Archive by Ed Gubbins

Remembering Jeanette Symons

Symons

I spoke with Jeanette Symons just once, back in 2000, for a story in Telephony’s sister publication, Upstart.

I remember how friendly and personable she was. (In any picture you can find of Jeanette Symons, she shows a lot more teeth than most telecom executives do.) I remember how impressed I was with her brilliance and the fact that she flew her own plane whenever she traveled on business. more

Stretching copper

When AT&T moved the goalposts back again on its expected deployment of bonded VDSL2, the industry seemed to collectively shake its head in frustration. Yet another delay in the carrier’s fiber-to-the-node initiative. And yet another return to the inconvenient truths about the bandwidth limitations of copper.

“AT&T will need to do something dramatic in order to find the bandwidth to deliver multi-stream high-definition [TV], especially since the cable and satellite competition have expanded their HD channel line-ups and/or VoD libraries substantially,” said Erik Keith, an analyst at Current Analysis. “MPEG-4 will help, but FTTN DSLAMs will not be the best strategy long-term. FTTP is really the best way to go.”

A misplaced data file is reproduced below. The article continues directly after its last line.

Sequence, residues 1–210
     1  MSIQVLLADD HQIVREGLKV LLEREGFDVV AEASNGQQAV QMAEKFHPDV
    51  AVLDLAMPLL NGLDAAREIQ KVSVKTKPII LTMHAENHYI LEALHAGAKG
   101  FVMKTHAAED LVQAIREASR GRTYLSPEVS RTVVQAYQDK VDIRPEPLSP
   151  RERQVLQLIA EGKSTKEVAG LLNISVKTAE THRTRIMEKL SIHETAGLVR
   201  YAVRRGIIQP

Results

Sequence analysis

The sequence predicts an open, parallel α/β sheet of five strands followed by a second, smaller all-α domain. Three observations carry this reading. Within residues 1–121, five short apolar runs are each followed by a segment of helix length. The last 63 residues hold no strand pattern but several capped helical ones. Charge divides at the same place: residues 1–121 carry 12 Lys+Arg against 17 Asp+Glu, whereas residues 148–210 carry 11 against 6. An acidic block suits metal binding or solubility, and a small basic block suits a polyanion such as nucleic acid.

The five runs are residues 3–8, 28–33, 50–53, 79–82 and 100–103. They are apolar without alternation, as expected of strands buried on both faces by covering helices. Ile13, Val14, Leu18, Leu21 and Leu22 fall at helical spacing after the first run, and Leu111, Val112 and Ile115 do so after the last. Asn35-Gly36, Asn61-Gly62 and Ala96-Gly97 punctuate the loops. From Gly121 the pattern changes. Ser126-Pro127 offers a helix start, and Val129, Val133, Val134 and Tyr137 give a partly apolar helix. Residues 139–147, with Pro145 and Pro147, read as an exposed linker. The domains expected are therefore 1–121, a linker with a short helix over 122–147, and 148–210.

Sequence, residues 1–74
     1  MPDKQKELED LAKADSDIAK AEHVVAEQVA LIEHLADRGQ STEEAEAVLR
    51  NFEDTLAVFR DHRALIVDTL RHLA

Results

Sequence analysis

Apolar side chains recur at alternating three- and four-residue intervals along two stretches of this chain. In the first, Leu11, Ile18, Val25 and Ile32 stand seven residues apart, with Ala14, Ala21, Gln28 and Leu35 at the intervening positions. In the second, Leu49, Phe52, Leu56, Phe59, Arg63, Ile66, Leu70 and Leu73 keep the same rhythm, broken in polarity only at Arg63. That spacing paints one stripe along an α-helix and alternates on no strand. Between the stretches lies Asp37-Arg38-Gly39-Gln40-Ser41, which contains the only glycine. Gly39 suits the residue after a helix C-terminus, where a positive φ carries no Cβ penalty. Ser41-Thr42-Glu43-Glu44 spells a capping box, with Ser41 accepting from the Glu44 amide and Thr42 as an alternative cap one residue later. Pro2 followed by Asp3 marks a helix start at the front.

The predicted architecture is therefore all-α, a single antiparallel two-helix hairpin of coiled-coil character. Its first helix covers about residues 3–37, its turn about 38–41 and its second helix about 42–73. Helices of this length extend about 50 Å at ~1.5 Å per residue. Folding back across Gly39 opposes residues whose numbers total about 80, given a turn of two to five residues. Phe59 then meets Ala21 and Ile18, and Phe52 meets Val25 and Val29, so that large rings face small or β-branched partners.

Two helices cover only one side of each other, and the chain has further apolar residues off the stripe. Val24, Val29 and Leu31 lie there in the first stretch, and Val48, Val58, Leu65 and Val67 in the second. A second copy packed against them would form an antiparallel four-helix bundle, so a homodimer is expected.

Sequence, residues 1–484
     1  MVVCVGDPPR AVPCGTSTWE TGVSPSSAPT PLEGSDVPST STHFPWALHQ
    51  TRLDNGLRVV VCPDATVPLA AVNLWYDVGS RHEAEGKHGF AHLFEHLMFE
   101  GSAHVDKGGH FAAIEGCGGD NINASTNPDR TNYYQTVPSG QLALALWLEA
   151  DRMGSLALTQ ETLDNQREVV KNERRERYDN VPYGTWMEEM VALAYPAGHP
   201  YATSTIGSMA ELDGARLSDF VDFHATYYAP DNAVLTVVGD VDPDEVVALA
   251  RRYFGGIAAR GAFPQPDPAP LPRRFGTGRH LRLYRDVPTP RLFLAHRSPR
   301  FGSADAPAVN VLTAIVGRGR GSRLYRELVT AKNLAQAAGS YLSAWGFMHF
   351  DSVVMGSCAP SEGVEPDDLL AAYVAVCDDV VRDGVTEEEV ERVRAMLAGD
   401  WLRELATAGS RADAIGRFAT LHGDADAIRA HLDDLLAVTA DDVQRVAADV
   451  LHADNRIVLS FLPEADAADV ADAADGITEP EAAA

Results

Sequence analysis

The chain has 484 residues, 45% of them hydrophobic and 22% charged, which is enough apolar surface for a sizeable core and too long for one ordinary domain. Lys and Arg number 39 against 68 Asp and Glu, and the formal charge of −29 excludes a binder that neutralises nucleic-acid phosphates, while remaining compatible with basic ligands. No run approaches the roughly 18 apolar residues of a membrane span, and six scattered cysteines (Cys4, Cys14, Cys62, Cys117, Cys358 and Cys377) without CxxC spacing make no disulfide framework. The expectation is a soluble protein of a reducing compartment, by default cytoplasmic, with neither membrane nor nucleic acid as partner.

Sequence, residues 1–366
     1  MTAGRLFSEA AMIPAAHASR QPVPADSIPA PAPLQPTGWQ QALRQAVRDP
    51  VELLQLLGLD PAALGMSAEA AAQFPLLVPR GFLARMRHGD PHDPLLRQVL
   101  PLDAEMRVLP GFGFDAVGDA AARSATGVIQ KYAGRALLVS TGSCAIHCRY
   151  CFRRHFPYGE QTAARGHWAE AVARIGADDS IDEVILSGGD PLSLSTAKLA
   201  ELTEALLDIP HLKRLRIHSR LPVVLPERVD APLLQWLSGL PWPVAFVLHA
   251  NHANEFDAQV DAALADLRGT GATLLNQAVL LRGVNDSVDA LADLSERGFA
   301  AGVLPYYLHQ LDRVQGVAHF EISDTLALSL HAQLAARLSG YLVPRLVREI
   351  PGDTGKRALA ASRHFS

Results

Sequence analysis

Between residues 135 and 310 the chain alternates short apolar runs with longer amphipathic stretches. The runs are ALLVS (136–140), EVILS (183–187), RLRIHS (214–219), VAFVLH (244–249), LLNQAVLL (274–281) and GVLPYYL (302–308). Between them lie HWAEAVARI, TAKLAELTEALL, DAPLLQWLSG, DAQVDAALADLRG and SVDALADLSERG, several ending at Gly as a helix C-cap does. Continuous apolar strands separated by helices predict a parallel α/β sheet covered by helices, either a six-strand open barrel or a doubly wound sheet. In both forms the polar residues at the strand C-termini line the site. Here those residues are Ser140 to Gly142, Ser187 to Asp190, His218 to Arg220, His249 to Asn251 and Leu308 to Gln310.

However, a few developments this week are aimed at not giving up on copper so quickly.

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AT&T: Pair-bonding to come in ‘late 2008′

AT&T said today it expects to begin pair-bonding advanced DSL lines in “late 2008,” pushing back the expected arrival of what the company says is an important part of its fiber-to-the-node (FTTN) initiative.

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New CEO describes Sorrento’s second life

Though optical transport equipment vendor Sorrento Networks was absorbed by Zhone Technologies in 2004, a new incarnation of Sorrento launched this month, acquiring those products back from Zhone. Its CEO Jim Nevelle spoke with Telephony about the startup’s plans.

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Why Ciena acquired Worldwide Packets

Ciena’s surprise announcement of its plans to acquire Ethernet access vendor Worldwide Packets left some analysts scratching their heads yesterday, largely because Ciena declined to offer many details on key justifications for the deal and its terms. more

Juniper loses its COO

At first glance, analysts do not appear to be too dismayed by the news of Juniper Networks’ chief operations officer resigning without a replacement. In a research note this morning, UBS Investment Research analyst Nikos Theodosopoulos called the announcement a definite negative for Juniper but said the router vendor’s strong fundamentals would outweigh any effect of Stephen Elop’s departure in coming months.